Strategy and sample

 

To evaluate the survey acceptability, estimate sample size and set question times, 10 medical students and 10 house officers piloted the survey. The median medical student score was 40% and the median house officer score was 70%. Sample size was estimated to be 80 participants (i.e. 40 medical students and 40 senior house officers) using these pilot scores and:

Sample =

Zα/2 + Zß)2 x [(p1(1- µ 2) + p2(1- 1 - µ 2)] /(p1 - p2 )2

Where Zα/2 is the critical value of the normal distribution at α/2 (i.e. 1.96 for a confidence level of 95%), Zß is the critical value of the normal distribution at ß (i.e. 0.84 for a power of 80%), and µ 1 and µ 2 are the expected proportions of correct triage responses in medical students and house officers (i.e. 40 and 70%, respectively).

 

A list of current senior medical students and senior house officers was obtained. Sixty randomly selected potential participants were approached from each group via both email and WhatsApp (WhatsApp, CA, USA). A link to an introduction and informed consent page was included in the messages. After providing informed consent, the survey continued to an instructions page and then the emergency vignettes.

 

Reliability and validity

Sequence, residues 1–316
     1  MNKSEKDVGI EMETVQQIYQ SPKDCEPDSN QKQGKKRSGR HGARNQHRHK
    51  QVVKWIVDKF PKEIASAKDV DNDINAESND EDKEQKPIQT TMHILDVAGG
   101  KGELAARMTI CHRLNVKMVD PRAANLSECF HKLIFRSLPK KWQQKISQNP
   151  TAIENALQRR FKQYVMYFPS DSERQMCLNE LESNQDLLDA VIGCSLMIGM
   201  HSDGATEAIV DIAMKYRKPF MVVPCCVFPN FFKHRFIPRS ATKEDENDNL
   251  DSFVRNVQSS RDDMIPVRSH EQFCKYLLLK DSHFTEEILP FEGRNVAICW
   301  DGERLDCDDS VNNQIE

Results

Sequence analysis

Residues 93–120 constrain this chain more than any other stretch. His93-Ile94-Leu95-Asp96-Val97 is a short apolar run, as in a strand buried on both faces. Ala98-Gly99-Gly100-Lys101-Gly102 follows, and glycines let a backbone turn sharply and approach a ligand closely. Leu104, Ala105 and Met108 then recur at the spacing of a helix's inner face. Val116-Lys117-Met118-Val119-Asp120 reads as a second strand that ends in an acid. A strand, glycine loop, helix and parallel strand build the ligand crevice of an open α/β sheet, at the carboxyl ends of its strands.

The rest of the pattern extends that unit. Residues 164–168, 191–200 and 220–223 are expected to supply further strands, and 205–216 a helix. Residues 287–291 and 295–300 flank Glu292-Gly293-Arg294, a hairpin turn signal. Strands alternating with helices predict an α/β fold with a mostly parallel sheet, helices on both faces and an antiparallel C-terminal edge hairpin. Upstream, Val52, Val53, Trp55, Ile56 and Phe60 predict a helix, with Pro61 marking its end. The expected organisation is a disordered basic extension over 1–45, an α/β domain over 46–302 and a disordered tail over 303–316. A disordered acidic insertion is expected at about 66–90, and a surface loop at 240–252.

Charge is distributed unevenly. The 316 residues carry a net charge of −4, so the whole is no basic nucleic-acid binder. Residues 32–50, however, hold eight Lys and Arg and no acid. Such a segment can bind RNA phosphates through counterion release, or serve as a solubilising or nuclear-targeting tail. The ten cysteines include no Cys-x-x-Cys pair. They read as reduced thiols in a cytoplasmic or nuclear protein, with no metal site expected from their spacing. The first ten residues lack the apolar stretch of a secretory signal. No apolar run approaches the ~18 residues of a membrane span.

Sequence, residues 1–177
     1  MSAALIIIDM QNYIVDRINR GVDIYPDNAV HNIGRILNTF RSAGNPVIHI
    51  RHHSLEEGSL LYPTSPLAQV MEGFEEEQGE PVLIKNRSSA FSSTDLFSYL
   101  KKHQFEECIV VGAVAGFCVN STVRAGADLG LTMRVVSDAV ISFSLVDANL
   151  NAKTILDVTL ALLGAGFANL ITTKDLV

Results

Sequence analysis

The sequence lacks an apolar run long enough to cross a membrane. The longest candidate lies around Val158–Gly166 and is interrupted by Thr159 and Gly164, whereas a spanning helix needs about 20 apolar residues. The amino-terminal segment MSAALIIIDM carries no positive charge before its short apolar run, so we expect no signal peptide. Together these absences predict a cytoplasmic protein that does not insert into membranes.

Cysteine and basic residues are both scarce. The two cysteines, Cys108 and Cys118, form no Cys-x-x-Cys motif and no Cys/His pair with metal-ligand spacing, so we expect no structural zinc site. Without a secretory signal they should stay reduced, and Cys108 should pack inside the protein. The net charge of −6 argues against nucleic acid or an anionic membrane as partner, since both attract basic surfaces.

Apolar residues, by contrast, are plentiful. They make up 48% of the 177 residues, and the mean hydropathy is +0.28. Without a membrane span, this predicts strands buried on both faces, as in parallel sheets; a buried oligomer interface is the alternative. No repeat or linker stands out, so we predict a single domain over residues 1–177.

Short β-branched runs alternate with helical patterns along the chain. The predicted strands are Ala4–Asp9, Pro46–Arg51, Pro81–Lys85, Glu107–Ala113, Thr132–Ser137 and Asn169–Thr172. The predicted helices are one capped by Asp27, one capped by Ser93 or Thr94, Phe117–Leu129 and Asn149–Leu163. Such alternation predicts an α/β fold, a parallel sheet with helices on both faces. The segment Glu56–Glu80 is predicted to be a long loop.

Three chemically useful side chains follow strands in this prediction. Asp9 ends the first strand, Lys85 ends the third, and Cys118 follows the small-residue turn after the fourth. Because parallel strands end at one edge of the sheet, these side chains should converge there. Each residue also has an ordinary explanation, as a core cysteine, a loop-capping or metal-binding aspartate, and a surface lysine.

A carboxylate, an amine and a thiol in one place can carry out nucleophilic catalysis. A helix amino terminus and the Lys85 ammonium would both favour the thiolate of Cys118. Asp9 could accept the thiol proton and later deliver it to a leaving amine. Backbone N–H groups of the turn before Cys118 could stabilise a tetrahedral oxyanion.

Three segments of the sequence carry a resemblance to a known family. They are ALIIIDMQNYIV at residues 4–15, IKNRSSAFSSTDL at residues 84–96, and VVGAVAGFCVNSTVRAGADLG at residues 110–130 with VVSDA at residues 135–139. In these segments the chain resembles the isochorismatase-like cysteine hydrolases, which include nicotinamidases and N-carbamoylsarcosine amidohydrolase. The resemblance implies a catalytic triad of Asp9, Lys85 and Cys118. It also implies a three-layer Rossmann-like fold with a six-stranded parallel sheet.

To assess the extent to which the triage scale yields the same assessment between different respondents rating the same patient, we measured inter-rater reliability. In accordance with the Guidelines for Reporting Reliability and Agreement Studies (GRRAS), inter-rater reliability was assessed using the unweighted, linearly weighted and quadratically weighted κ (QWK) statistic [23]. The QWK considers the degree of disagreement between responses. A weighted κ places maximum weight at the two opposite ends of the triage scale (e.g. emergency and routine); therefore, it is identical to the intra-class correlation coefficient (ICC) [10]. Thus, the ICC was not reported given its equivalence with the QWK statistic [24]. Standard errors and confidence intervals were calculated using jackknife simulation. To allow apposite comparison with other SATS assessments, point estimates for each measure of inter-rater reliability were graded using the Landis and Koch classification system as follows: 0.0 - 0.20 - slight agreement; 0.21 - 0.40 – fair agreement; 0.41 - 0.60 – moderate agreement; 0.61 - 0.80 - substantial agreement; and 0.81 - 1.00 - almost perfect agreement [25]. Ten randomly selected respondents in each of the two groups re-triaged 10 randomly selected vignettes after one week. The results of this re-assessment were used to estimate intra-rater reliability by calculating the percentage of exact agreement, as well as the percentage of agreement allowing for one level of discrepancy in the triage assignments. The triage assignment accuracy of both groups was assessed by calculating the sensitivity, specificity, and over- or under-triage relative to the triage assignment for each of the vignettes suggested by an expert triage panel. The characteristics of and methods used by the expert panel for determining the triage assignment for each of the vignettes have been previously published [22]. Briefly, a panel of 18 emergency medicine physicians and emergency nurses from both developing and developed countries independently reviewed the vignettes. Using the Delphi technique, the panel reached consensus on the ‘true’ acuity of the patient in each vignette. They assigned an acuity based on their expert opinion rather than through the direct application of SATS; however, the acuities assigned mirrored SATS colors (i.e. emergency, very urgent, urgent, and routine). By using this method, triage assignment for each vignette follows emergency care acumen, and not exclusively the application of SATS itself. Over- and under-triage were interpreted using an accepted range for average under-triage of not more than 5 - 10% and an associated average over-triage rate of 30 - 50%. These ranges are considered acceptable by the American College of Surgeons Committee on Trauma.[26] Data were analyzed using STATA v13.1 (StataCorp, TX, USA).